"No.": The Narrative Theorizing of Embodied Agency in Octavia Butler's Kindred

Article excerpt

"He has to leave me enough control of my own life to make living look better to me than killing and dying" (246). This sentence uttered by Dana, the main protagonist of Octavia Butler's novel Kindred (1979), goes to the heart of the text's plot and narrative project. It addresses the central struggle between Dana and her white, slave-holding ancestor, and it explicitly names what is at stake in this conflict: survival itself. More importantly, it identifies what Dana is struggling for, what the complex relationship revolves around, and what she identifies as the sine qua non of life being preferable to death and/or killing. Kindred centers on a young African American woman's attempts to free herself from slavery as she fiercely struggles for agency, for "control of my own life."

A number of scholars have noted the importance of themes like independence and autonomy in Butler's writings, and within the range of Kindred readings there are several which--in their emphasis on such issues as power, subjectivity, racial or gendered oppression, or memory--mention the term "agency" explicitly or touch upon related concepts such as self-efficacy or self-definition. (2) However, no analysis of Kindred has made agency its central analytical tool. I propose that such a reading holds significant interpretive potential for Kindred as it can connect notions of corporeality, power, subjectivity, and resistance and is particularly productive in relation to the multiple jeopardy which Dana faces as a black woman. (3)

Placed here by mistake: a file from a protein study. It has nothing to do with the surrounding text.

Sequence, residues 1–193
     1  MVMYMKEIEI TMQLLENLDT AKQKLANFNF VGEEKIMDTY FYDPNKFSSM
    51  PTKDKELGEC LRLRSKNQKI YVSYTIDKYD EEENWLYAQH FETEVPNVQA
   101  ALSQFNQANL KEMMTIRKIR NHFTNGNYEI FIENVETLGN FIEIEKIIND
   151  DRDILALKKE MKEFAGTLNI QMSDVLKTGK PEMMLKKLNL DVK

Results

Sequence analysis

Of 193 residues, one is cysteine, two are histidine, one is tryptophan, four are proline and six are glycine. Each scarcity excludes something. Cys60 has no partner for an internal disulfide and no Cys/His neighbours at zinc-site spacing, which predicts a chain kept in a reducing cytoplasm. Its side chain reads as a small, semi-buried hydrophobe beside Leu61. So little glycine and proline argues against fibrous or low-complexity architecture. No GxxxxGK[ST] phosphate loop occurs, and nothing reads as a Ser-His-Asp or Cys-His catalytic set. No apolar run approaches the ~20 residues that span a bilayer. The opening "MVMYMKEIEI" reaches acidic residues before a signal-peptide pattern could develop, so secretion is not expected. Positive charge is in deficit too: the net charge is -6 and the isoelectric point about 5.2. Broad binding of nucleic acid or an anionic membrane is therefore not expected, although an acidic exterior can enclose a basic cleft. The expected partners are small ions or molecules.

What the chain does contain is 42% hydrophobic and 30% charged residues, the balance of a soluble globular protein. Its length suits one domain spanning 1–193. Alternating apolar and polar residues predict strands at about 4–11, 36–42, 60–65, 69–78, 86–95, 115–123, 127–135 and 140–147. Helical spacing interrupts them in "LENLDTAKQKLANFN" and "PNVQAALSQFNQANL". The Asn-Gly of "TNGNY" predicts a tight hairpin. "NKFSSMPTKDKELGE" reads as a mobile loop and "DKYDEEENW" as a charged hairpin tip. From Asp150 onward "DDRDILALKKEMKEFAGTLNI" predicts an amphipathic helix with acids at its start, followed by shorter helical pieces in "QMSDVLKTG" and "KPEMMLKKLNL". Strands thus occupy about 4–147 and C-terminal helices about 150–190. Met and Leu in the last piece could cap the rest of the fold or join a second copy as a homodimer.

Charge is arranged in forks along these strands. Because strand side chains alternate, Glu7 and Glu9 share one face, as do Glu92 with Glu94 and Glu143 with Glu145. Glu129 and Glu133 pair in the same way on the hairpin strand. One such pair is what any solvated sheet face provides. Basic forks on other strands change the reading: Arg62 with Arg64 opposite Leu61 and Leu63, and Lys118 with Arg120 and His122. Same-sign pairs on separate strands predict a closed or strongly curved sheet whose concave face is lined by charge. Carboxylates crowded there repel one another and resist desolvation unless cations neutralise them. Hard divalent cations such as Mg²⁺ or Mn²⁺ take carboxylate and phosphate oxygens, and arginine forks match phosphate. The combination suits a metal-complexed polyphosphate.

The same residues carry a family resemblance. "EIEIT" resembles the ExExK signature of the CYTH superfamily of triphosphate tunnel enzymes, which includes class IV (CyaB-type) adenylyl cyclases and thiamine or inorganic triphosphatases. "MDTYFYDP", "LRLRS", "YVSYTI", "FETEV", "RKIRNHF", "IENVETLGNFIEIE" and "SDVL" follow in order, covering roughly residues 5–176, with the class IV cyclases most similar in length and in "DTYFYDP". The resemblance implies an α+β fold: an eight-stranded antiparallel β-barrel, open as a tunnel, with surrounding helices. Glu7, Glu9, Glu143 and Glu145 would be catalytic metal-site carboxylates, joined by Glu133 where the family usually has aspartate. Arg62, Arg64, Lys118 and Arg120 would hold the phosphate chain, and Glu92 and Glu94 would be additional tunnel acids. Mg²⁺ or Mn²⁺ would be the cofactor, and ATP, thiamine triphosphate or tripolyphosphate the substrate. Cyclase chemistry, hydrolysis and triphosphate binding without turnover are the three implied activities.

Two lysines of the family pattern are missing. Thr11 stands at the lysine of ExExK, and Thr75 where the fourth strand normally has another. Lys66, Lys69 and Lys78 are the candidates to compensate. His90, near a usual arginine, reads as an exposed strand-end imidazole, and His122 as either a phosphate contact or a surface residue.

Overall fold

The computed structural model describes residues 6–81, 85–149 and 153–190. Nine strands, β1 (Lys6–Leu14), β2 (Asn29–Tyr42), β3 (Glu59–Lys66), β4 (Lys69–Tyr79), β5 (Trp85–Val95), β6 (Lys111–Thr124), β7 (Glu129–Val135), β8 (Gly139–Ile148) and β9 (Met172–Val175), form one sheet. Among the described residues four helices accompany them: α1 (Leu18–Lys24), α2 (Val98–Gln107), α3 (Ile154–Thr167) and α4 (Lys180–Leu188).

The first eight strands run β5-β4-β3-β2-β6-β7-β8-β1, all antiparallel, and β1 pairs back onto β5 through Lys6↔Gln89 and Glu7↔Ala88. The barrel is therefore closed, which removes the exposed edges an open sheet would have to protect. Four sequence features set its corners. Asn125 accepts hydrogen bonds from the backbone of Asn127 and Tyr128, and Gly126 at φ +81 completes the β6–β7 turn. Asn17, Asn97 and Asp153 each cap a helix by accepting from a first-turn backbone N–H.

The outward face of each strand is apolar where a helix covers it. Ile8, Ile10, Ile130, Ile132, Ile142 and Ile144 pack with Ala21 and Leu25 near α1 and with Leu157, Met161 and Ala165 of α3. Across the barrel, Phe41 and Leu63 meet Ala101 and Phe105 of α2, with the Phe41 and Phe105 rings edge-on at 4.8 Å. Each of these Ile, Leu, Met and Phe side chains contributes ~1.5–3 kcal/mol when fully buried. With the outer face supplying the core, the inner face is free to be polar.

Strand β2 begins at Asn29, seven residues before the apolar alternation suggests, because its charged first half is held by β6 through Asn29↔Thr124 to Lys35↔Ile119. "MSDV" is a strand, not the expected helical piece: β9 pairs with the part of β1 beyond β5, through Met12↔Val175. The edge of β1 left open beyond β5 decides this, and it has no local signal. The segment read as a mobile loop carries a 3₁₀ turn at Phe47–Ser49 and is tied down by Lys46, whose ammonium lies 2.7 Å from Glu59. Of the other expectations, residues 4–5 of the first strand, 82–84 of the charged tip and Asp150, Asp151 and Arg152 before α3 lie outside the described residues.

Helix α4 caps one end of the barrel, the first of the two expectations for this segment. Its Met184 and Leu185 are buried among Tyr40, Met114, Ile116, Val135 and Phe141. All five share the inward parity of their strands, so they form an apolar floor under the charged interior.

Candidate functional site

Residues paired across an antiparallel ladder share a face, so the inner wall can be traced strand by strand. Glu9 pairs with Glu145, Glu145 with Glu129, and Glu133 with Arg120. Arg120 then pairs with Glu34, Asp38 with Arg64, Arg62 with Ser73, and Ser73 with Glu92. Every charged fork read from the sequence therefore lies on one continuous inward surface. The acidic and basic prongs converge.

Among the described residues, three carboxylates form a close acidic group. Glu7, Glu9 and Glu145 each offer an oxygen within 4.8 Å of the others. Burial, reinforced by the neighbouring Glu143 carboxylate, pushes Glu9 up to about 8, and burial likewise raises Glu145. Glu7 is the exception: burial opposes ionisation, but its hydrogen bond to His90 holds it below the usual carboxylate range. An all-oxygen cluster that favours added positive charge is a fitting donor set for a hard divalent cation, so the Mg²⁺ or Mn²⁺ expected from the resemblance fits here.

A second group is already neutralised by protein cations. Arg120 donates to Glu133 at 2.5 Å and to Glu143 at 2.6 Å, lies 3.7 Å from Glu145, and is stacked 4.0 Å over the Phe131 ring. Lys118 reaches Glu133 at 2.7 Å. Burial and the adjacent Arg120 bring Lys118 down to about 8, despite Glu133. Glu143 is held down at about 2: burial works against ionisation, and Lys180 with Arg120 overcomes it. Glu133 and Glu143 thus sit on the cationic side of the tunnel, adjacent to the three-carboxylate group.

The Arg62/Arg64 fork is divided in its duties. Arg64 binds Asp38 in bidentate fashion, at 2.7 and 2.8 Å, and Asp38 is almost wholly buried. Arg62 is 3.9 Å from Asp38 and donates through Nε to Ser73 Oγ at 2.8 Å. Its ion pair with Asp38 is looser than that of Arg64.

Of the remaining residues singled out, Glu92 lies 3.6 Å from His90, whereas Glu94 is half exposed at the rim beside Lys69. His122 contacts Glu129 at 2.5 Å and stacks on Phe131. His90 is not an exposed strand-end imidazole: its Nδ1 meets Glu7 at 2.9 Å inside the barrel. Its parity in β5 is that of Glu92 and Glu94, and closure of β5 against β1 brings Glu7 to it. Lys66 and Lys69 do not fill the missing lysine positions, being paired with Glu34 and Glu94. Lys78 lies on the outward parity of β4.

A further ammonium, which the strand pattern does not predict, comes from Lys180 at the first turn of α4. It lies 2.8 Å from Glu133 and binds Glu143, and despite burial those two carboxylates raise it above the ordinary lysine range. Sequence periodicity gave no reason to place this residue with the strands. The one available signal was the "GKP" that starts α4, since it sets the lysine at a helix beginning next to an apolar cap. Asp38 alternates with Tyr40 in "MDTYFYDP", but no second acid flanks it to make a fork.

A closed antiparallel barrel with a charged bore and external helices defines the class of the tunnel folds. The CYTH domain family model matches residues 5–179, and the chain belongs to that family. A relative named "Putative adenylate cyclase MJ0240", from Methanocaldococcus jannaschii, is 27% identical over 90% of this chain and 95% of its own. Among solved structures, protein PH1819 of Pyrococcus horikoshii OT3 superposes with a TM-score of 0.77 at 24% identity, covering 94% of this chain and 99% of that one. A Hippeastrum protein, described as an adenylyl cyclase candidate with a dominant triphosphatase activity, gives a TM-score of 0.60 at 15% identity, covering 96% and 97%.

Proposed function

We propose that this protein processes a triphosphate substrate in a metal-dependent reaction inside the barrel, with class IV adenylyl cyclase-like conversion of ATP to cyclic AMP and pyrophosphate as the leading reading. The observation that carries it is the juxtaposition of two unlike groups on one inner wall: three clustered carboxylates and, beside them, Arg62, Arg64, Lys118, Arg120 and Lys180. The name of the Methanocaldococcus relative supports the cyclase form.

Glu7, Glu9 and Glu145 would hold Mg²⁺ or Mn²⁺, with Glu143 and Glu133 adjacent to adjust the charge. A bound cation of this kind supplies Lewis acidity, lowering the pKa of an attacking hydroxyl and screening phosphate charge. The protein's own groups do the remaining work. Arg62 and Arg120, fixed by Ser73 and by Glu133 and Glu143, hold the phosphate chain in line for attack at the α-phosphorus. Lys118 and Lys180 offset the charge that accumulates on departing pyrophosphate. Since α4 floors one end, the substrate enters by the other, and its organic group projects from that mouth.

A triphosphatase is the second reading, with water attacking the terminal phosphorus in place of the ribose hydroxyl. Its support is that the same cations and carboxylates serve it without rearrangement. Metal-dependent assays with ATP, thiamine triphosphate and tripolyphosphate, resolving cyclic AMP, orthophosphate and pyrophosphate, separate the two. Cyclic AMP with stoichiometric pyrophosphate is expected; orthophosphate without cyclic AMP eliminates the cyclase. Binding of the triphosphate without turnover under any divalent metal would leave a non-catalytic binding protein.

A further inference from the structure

A reading of Kindred with this focus provides an in-depth analysis of the way in which the text uses the body as its central trope in narrating the protagonist's struggle for agency, and it is capable of adding significant insights to the large corpus of Kindred readings. Building on existing scholarship, my analysis traces a corporeal narration of agency from the text's fantastic device of time travel, which constitutes the central infringement of Dana's agency, through the crucial power struggle between its two main characters, around which the plot is structured, to the ways in which the text employs the mutilation of bodies as a metaphor for the influence of the past on agency in the present.

My main contention is that Kindred chooses to narrate agency in a number of corporeal ways and thus performs its central concern, the inclusion of the body in any conceptualization of the self, on a textual level:4 The novel constructs the process which first violates Dana's agency as corporeal in and of itself, and it makes the decision to tell the story of Dana's struggle to regain her agency as a struggle to reestablish control over her body. Furthermore, Kindred engages with African American literary traditions of using bodily mutilation to symbolize the destructive influence of a violent past on the present. Thus, a reading of this narrative of agency's intense focus on the body uncovers a specific conception of agency, one not reduced to Enlightenment limitations of agency to free will and the realm of rationality. Kindred insists on the embodiment of agency and subjectivity, choosing to closely reference and to complicate African American literary traditions of narrating and negotiating issues of agency, subjectivity, and the body from a postmodern perspective.

I. Theorizing Agency

This study conceptualizes agency as an individual's capability to reach a decision about him- or herself and implement it. This ability is significantly expressed in agential acts, i.e. acts which address and problematize agency as such. Agential acts are intended to achieve a higher level of agency, explicitly to express, defend, or expand agency, to come to terms with being in the power of somebody or something, and to express a choice between several options, particularly in a situation of oppression or determination. Thus constructed, agency is not simple voluntarism, a vague notion of doing what one wants, but rather an ability realized in a specific cultural and historical context and within a dialectic of enablement and constraint. …